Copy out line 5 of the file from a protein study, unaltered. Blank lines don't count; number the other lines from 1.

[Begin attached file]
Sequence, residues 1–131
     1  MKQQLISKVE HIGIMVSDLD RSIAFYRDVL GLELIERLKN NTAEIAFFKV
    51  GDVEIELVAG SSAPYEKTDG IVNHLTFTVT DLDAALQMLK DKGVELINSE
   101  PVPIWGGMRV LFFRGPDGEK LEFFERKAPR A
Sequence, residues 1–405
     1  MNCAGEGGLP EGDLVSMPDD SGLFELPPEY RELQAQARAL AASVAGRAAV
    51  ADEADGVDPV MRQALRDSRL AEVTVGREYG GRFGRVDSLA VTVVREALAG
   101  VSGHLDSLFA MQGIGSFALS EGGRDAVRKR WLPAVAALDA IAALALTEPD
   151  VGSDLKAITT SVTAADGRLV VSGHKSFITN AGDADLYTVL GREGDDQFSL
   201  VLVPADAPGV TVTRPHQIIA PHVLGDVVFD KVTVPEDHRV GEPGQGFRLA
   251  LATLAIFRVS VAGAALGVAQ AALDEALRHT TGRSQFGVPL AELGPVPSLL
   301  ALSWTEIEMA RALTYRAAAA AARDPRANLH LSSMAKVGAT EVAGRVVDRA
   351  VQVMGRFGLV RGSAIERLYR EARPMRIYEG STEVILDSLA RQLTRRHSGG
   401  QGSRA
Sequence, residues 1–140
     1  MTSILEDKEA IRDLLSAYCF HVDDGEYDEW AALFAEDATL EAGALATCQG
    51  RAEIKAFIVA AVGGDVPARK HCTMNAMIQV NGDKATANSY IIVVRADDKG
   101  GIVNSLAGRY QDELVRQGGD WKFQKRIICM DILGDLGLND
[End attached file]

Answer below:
Sequence, residues 1–405